2011+liquid+and+gaseous+fuels

2011+liquid+and+gaseous+fuels - Crude Oil Petroleum...

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1 Crude Oil Petroleum ("rock oil“) – first used in a treatise 1556 by a German mineralogist – Chinese still call it Rock Oil Also known as crude oil naturally occurring, flammable liquid found in rock formations in the Earth consisting of a complex mixture of hydrocarbons of various molecular weights, plus other organic compounds
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2 Crude Oil The earliest known oil wells were drilled in China in 347 CE or earlier. – They had depths of up to about 800 feet (240 m) and were drilled using bits attached to bamboo poles – The oil was burned to evaporate brine and produce salt. – By the 10th century, extensive bamboo pipelines connected oil wells with salt springs. Petroleum was known as burning water in Japan in the 7th century
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3 Reservoirs Three conditions must be present for oil reservoirs to form: – a source rock rich in hydrocarbon material buried deep enough for subterranean heat to cook it into oil – a porous and permeable reservoir rock for it to accumulate in – a cap rock (seal) or other mechanism that prevents it from escaping to the surface Within these reservoirs, fluids will typically organize themselves like a three-layer cake with a layer of water below the oil layer and a layer of gas above it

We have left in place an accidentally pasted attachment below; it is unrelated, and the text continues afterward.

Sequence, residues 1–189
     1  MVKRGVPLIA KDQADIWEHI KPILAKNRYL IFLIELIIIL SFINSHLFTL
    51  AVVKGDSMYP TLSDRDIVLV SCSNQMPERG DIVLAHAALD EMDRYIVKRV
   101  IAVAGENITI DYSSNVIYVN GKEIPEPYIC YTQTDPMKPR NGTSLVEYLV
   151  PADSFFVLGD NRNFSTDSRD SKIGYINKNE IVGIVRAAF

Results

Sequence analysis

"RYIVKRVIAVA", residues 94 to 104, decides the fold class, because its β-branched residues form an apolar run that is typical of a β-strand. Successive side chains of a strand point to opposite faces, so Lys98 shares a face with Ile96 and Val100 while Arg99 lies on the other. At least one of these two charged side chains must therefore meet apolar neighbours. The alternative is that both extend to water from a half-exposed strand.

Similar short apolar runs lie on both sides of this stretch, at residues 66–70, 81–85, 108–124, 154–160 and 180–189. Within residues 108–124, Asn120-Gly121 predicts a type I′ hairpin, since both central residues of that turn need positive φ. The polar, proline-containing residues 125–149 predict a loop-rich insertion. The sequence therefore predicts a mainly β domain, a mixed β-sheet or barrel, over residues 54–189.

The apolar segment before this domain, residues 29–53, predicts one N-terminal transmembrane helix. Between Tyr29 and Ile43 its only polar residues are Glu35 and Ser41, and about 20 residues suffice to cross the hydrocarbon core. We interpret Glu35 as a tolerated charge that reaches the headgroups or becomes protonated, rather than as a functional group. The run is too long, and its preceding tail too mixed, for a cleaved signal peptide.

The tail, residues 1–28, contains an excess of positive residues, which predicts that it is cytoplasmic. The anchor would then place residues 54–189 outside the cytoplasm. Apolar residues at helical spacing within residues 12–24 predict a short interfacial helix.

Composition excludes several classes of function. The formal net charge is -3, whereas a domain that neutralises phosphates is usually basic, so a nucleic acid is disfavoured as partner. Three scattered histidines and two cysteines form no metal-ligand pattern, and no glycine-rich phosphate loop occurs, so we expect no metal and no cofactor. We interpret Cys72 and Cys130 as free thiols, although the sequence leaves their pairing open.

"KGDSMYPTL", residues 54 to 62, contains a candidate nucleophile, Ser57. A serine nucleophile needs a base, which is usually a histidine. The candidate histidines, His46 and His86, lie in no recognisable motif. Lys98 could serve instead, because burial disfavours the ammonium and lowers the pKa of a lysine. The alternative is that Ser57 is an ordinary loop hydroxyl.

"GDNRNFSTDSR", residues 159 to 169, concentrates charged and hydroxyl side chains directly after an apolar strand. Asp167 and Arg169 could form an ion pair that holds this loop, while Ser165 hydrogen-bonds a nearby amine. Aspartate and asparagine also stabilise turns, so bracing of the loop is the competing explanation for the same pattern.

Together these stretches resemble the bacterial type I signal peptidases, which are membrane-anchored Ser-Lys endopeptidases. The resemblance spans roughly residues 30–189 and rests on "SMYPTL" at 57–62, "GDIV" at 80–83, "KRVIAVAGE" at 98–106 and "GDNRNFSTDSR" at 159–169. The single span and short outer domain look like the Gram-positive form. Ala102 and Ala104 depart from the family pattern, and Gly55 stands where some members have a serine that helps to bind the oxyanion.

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4 Offshore Oil Cross-section A west-to-east cross section of the Balder reservoir, which is particularly complex. It consists of 11 disconnected oil structures and unconsolidated sandstone from the early Tertiary age.
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5 Drilling and Mud Circulation
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6 Casing Once they reach the pre-set depth stop drilling – Then they place casing-pipe sections into the hole to prevent it from collapsing in on itself. – The casing pipe has spacers around the outside to keep it centered in the hole. – Cement is then pumped to fill the space between the outside of the casing and the hole. Not needed after bedrock is reached
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Oil Derricks and Pumps 7
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8 Oil needs to be refined 1946 Standard Oil Film
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9 Petroleum Commercial petroleum fuels are divided into ASTM grades, which are based on the fuel viscosity Grade No. 6, otherwise known as Bunker "C" Fuel Oil, is the most widely used in power plants. Some of the advantages of oil is that it is – cleaner – easier to handle, store and transport – easier to burn than coal – produces little ash – oil can be atomized for a good mix with combustion air (for gas-like performance).
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10 Petroleum
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This note was uploaded on 01/17/2012 for the course ME 462 taught by Professor Muller during the Fall '11 term at Rutgers.

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2011+liquid+and+gaseous+fuels - Crude Oil Petroleum...

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